Tang Yik did not fail expectations from his father. He was actually helping his father to teach at age of 17 to 18. At old days, not too different to nowadays, the Sifu, particularly when old, would not teach personally and would rely on his senior students to do teachings. Tang Yik was actually doing all the teachings to students of his father, particularly to those who lived in other villages or townships as Tang Suen would not be good for travelling far, at that age. In fact, as confirmed by Tang Yik and his students in the 橫溪, he was the one who actually teaching people like Pak Cheung and Taam Brothers.

Life had not been kind to Tang Yik, as will as most of people in China. After the Revolution and forming of the Republic of China, situation had not been improving and different war lords were fighting each other. After the Northern Expedition by Chiang Kai Shek, there were the rising of communist and in 1932 when Tang Yik was about 22, Japan started invading China. Although it was in the far north and not affecting the south that much, hardship started and starting 1937, full scale invasion started and eventually in early 1940's GuangDong fell under Japanese rule.

Tang Yik's wife was killed by Japanese soldiers and his 3 year old son was lost. That was when Tang Yik was at early 30's. This had imparted a major impact on him, which affected his whole life and partly affected the development of the Weng Chun arts inherited from his ancestors. He actually remained single throughout his life, granting a faithful life-long memory of his wife.

9. A Lonely Journey To The Unknown Future


Fate had been cruel by brutally taken Tang Yik's wife and son away from him, but had been kind enough, for Weng Chun, to keep him away when the disaster happened as otherwise he would sure give up his life to protect his family and the "treasures" he held would have lost forever and we now would not see the essential parts of the Weng Chun Kuen and Luk Dim Boon Pole series.

He left 小塘 (Siu Tong) after Japanese surrendered, but war in China still continued, and came to Hong Kong. Tang Yik brought along with him nothing, but his solid knowledge inherited from his father and mother, on:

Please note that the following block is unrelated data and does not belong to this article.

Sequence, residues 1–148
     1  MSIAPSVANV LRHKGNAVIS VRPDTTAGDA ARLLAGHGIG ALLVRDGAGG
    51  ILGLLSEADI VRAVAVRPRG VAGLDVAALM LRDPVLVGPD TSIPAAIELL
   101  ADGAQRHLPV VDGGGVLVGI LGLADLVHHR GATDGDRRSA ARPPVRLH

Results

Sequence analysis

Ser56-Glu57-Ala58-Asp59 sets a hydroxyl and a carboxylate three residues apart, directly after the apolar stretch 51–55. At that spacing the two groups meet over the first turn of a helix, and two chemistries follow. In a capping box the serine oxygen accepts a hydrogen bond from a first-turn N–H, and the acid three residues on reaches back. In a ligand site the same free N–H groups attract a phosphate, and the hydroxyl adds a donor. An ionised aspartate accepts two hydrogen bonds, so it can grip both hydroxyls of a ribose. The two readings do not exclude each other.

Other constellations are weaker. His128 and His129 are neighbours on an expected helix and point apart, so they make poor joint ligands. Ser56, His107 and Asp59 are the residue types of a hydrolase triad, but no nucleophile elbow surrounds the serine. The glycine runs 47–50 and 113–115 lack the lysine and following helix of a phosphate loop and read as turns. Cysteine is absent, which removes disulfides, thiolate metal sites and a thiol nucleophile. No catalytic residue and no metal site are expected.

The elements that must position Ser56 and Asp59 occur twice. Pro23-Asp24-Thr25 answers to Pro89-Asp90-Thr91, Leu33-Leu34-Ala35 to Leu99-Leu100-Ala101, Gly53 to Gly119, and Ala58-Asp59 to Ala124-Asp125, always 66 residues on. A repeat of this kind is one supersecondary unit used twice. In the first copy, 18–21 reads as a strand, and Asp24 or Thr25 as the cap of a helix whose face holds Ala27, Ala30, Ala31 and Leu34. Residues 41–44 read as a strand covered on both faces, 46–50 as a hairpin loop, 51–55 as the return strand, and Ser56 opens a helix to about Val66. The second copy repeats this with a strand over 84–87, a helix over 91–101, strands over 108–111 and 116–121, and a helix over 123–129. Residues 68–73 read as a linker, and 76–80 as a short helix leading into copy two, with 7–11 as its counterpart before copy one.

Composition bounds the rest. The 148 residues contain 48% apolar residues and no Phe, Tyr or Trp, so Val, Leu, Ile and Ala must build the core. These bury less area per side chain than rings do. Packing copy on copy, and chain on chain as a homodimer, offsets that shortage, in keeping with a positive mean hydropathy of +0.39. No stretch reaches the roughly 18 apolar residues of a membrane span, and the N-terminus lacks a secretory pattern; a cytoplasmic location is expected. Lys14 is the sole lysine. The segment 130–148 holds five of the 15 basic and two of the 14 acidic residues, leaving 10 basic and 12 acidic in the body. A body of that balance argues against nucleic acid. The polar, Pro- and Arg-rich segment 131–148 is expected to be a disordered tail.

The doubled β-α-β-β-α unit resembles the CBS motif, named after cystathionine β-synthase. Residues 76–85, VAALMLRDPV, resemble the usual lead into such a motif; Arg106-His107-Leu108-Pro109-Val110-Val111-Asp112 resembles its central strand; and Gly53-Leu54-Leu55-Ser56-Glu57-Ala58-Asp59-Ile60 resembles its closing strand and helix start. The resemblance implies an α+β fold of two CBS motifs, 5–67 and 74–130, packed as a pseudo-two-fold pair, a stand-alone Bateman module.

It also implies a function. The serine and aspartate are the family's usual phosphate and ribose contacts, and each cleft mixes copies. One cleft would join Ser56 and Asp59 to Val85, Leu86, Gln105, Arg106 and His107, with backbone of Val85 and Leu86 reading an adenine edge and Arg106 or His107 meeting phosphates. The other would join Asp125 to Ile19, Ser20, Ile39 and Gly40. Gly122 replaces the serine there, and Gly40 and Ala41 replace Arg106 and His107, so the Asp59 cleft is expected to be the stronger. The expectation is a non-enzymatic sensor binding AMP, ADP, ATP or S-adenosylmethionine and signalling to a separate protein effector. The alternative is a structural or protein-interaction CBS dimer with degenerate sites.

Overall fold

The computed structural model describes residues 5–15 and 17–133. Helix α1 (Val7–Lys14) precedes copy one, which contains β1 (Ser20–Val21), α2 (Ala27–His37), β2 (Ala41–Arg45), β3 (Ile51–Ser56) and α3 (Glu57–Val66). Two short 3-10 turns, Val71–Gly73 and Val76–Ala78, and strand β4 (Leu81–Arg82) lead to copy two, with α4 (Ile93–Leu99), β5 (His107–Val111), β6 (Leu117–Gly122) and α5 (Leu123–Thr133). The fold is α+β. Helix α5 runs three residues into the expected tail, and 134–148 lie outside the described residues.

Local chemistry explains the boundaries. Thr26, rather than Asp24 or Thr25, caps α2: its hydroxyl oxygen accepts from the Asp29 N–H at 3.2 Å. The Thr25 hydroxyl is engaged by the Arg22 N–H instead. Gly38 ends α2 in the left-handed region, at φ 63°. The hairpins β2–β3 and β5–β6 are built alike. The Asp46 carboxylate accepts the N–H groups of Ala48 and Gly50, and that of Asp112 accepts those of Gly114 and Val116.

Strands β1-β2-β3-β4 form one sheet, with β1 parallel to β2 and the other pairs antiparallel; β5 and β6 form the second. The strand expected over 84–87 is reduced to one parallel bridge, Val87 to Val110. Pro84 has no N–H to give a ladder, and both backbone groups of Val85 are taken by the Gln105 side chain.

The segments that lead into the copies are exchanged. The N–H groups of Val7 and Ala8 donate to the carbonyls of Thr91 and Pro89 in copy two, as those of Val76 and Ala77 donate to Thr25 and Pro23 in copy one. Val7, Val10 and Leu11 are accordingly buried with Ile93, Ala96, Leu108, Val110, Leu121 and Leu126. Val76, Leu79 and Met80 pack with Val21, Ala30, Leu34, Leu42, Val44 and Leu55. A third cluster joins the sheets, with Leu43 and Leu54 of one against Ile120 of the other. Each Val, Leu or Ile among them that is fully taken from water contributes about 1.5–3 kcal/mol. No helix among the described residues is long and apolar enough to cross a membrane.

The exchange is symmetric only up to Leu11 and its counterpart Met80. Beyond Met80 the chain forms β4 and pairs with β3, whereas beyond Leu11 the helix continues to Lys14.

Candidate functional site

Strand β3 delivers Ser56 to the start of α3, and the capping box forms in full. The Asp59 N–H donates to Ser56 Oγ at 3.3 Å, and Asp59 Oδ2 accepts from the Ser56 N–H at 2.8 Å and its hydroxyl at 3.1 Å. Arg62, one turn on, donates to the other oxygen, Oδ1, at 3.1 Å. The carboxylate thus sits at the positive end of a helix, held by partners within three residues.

1. Weng Chun Kuen, Wooden Dummy and Luk Dim Boon Pole form from Fei Loi Temple;
2. Sheung Kung from Yeung Tim;
3. Kwan Kung through Tang Pok;
4. Wooden Dummy from Red Boat; that was taught through Fung Siu Ching to Tang Suen
5. Chong Kuen from Fung Siu Ching;
6. Pole Dummy from Tang Village;

Apart from the above Weng Chun Kuen series, he also learnt or having great knowledge on 
1. A long knife form from his mother;
2. Saam Chien/Tit Sin 三展/鐡缐 (Hung Kuen Form)
3. Pat Gua Pole (八卦棍) and Monkey King Pole (行者棒)
4. A Whip Form.

When he came to Hong Kong, which was returned to British as a colony from the Japanese occupation, Hong Kong was relatively poor and life was difficult, particularly will a lot of "refugees" from mainland China. Also, as general living is not stable, ordinary people would not have money or leisure to learn martial arts. Kung Fu teaching would always linked with gangster activities, not exactly related to drug or postitutes, but to maintain ones share of living, underground law and order enforcement is very common and a Kung Fu teacher would have to prepare to fight against harassment and challenges, which would end up in either be beaten up or beating up others. Tang Yik did not like such as he believed that the bad luck that followed his father and his family would be a bad karma out of the accidental killing and bad things committed by students of Tang Suen, particular police when he was the coach and if he continued fighting or his students harming or even killed people, he would accumulate more bad karma. He would still have a slight hope that no more bad luck would not happen to his missing son. Instead, he wanted to be an apprentice as a tailor and settled down with a humble life.